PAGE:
Project overview. The project is organized into five parts:
1. Preparations. Here you assemble all the needed tools and round up your parts.
2. Breadboarding the circuit. You’ll assemble the circuit on electronics “breadboard”—an inexpensive prototyping tool that lets you create circuits without soldering. This method makes it easy to understand which components accomplish what (Photo 5).
Photo 5: An electronics breadboard lets you test and customize circuits without soldering.
3. Customizing the circuit. Breadboarding is also a great way to explore design options, which you’ll do right from the beginning.
After refining your circuit on the breadboard, you’ll mount the components on a piece of perforated circuit board, soldering everything together on the board’s reverse side.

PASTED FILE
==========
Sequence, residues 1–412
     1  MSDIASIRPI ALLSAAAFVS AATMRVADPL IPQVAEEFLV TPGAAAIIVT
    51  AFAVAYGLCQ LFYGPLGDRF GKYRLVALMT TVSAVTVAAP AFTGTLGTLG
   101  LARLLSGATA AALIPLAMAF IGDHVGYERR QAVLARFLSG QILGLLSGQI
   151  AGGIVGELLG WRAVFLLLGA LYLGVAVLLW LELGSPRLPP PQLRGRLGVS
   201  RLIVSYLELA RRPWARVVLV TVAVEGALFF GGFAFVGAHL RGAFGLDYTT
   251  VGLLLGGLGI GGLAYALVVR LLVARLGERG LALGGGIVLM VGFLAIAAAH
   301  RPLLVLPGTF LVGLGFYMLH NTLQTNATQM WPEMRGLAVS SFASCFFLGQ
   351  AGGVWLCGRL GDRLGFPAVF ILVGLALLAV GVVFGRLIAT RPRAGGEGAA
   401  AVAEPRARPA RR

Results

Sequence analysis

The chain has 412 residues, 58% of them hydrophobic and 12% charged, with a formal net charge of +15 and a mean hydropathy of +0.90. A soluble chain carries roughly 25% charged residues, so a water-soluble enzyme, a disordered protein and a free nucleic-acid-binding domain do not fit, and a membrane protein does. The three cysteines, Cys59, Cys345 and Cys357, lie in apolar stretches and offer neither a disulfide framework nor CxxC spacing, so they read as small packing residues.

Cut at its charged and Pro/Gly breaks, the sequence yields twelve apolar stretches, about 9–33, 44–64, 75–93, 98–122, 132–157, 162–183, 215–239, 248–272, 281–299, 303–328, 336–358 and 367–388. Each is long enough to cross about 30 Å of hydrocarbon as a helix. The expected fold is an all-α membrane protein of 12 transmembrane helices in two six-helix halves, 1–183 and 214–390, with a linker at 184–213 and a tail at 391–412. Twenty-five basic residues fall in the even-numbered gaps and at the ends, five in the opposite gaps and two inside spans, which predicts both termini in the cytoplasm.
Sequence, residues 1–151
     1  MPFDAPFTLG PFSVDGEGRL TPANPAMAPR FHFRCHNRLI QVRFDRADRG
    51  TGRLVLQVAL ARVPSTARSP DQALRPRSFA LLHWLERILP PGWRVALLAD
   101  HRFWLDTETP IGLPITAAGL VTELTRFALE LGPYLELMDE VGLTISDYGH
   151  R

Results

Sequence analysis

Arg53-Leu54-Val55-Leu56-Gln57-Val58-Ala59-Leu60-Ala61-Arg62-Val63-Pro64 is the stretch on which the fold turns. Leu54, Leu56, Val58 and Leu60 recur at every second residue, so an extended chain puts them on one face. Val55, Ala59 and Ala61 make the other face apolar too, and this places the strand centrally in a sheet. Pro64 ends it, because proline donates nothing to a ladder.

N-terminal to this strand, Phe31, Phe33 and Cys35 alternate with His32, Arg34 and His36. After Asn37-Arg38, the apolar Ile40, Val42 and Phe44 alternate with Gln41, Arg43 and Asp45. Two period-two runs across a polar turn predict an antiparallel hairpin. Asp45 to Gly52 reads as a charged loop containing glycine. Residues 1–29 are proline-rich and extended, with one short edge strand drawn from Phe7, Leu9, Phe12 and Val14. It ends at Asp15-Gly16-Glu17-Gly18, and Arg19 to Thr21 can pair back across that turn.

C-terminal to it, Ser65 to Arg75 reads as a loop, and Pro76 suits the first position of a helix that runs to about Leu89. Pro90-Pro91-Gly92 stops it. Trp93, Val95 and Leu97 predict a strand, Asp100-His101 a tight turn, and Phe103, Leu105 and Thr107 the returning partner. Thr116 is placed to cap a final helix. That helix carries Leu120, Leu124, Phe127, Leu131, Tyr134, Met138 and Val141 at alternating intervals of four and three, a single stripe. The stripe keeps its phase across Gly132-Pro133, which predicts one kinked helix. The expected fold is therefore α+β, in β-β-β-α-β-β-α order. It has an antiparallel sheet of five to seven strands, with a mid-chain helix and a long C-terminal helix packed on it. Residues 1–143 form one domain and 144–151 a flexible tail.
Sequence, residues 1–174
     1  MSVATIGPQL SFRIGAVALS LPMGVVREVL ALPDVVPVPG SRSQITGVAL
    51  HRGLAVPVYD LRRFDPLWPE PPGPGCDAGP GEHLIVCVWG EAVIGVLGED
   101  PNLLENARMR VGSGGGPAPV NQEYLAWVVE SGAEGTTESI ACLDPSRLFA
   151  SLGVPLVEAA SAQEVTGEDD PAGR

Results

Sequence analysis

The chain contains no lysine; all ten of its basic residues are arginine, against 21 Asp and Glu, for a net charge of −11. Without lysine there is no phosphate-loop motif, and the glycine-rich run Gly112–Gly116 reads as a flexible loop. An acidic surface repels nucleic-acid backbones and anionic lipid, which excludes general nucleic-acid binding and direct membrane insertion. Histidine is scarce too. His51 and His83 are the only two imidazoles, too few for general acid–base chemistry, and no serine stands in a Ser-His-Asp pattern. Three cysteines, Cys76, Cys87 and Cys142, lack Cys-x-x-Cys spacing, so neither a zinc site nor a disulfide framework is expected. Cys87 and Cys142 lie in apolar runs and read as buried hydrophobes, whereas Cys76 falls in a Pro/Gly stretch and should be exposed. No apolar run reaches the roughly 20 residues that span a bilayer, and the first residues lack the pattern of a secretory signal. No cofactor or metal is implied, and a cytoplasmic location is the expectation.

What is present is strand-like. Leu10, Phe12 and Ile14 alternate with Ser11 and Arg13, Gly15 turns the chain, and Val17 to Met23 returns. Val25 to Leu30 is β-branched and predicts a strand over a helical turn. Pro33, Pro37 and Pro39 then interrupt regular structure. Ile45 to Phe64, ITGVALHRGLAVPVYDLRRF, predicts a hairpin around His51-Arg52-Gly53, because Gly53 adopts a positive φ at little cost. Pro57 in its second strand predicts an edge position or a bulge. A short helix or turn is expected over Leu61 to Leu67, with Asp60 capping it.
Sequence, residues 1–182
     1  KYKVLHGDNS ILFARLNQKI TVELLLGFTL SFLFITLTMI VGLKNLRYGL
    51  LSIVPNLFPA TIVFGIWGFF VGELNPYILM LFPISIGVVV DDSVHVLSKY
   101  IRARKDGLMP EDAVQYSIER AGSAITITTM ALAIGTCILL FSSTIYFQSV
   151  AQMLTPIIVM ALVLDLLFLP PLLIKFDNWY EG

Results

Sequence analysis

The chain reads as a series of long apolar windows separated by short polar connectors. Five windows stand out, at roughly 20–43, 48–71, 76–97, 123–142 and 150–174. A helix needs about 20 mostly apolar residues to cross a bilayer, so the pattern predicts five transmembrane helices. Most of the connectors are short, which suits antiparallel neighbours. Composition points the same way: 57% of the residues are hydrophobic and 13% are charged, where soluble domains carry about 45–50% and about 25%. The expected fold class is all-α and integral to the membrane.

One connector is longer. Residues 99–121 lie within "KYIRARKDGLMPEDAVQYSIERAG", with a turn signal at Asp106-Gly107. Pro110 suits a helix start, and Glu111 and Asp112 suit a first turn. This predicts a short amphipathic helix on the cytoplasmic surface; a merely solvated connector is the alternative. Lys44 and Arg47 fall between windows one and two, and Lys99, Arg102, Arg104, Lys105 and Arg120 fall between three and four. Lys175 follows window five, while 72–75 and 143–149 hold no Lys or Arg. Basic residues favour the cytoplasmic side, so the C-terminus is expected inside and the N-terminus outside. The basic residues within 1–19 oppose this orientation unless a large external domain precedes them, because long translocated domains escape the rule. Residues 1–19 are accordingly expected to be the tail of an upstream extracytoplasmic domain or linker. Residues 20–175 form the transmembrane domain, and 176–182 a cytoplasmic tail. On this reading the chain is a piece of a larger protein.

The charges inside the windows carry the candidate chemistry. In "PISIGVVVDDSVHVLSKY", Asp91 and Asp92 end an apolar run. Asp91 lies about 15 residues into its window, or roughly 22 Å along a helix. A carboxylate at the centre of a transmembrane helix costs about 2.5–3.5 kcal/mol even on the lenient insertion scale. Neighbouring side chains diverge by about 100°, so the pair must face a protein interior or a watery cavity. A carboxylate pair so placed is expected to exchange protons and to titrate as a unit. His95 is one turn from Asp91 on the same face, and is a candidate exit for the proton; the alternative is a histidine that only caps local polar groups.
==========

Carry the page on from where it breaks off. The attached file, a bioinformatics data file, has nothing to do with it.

4. Assembling the circuit on perf board. Once you finalize your design, you’ll solder it onto “perf board,” a type of circuit board (Photo 6). It’s a more complex process than just plugging parts into holes on a prefab PCB, but it permits customization.
You’ll test your completed board on the breadboard before boxing it up.
Once you learn the technique, you’ll be able to transpose most stompbox circuits directly from schematic to perf board—and almost every stompbox schematic is available online. (Yes, reading schematics is one of our topics.) After assembling the circuit board, you’ll test it using the breadboard (Photo 7).
Photo 8 (left): Your stompbox will have pro hardware, including true-bypass switching, a DC adapter, and a power-indicator LED. Photo 9 (right): In the final assembly, your circuit board rests atop the gain and volume pots.
5. Boxing the circuit. Finally, you’ll box everything up. You’ll install the jacks, footswitch, LED, and DC adapter into the enclosure (Photo 8) and then add the circuitry (Photo 9).